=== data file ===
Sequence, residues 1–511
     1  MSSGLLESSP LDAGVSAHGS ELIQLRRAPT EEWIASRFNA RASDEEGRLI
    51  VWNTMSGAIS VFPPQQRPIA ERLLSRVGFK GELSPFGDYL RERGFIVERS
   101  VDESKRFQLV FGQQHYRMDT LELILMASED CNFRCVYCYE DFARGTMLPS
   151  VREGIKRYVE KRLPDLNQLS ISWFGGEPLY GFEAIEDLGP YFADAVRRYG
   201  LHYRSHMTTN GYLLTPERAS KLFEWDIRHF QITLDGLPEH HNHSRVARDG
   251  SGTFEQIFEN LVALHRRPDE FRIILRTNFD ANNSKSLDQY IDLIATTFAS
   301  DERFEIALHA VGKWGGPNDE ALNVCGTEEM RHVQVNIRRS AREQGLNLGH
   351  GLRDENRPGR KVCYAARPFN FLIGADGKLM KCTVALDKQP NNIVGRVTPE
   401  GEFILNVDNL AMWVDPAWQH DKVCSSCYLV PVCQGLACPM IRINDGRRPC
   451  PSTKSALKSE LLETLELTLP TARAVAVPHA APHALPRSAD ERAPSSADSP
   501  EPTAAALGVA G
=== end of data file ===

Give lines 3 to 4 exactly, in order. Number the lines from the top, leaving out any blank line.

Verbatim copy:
    51  VWNTMSGAIS VFPPQQRPIA ERLLSRVGFK GELSPFGDYL RERGFIVERS
   101  VDESKRFQLV FGQQHYRMDT LELILMASED CNFRCVYCYE DFARGTMLPS